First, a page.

So here we are – seven years after we began the campaign to get someone who knows what they are doing to review the way in which PA is diagnosed we now have a new set of Guidelines produced by the British Committee for Standards in Haematology that acknowledges that there are serious problems with the way in which Pernicious Anaemia is diagnosed. It’s strange to reflect that during the campaigning to get the way PA is diagnosed looked at it one of the options we used to put forward to doctors was that we wished that medical professionals would go back to how they used to diagnose the disease basing their decision on the patient’s symptoms rather than on the result of a blood test. We were told that that would never happen. However, the very first Recommendation states that “the Clinical Picture is More Important than the test result” so in effect the new guidelines are retrospective in that they are now telling doctors to listen to the patient rather than concentrate solely on the test result.
It took seven years of hard work to get our concerns listened to – five years of building up a good name and presenting our evidence in a calm and rational manner but five years on those doors that we were knocking on started to open. Our paper that showed the results of our survey of over 1,300 members experiences in getting diagnosed was carefully analysed and presented using the preferred format of a respectable health journal and the results showed just how the poor diagnostic procedure currently used was effecting the everyday lives of people. So, the battle to prove that the society (and me) were not dangerous nutcases finally paid off and thankfully we are now being asked our opinion on various aspects of B12 – we were even sent a copy of the draft guidelines to comment on.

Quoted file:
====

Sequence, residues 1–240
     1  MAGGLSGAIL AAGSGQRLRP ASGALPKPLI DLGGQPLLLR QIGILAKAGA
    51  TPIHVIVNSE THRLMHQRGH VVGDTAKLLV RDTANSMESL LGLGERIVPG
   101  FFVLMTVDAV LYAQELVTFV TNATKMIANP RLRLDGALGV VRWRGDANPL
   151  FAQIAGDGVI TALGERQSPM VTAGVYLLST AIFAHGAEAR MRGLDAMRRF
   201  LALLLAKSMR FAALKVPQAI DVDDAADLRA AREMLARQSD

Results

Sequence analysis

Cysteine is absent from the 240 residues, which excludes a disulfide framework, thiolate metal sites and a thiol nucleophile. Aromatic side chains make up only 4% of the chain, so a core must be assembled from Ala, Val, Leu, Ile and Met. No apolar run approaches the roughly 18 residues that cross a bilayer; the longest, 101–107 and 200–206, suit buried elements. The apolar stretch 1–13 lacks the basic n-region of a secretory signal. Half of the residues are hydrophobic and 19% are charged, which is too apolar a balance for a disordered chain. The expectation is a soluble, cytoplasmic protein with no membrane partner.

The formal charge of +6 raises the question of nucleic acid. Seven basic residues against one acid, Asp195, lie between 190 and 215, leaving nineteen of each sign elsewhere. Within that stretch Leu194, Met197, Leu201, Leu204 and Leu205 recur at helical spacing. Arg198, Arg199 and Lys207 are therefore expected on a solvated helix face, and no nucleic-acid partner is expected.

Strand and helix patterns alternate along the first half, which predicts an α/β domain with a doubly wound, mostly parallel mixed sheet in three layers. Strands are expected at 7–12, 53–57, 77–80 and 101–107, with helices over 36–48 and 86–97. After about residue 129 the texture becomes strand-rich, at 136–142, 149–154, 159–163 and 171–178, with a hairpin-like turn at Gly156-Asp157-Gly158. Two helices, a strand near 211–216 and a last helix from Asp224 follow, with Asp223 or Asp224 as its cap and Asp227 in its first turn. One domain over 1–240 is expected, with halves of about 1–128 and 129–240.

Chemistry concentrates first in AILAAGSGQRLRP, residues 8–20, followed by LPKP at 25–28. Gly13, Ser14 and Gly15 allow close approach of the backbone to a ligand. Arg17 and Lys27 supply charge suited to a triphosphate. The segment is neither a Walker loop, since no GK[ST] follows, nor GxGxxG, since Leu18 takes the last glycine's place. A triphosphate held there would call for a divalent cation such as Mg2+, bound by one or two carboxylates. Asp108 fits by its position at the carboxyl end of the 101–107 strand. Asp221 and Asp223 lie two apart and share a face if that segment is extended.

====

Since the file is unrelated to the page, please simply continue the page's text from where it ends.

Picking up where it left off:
Now we have had to ask ourselves ‘where do we go next’. It wasn’t a difficult question to answer. Ever since its inception the society has identified two key areas that are badly in need of reform. The first concerned the problems with the way in which PA is diagnosed and, as we have seen from the new Guidelines, those issues have now been addressed. And so now it is time for the society (and me) to start work on the second problem we face as patients – the ridiculous way in which replacement therapy B12 is provided, not only in the UK but throughout the world. And this is where I start to outline just how big a problem this is; not only for patients but also for their families and friends.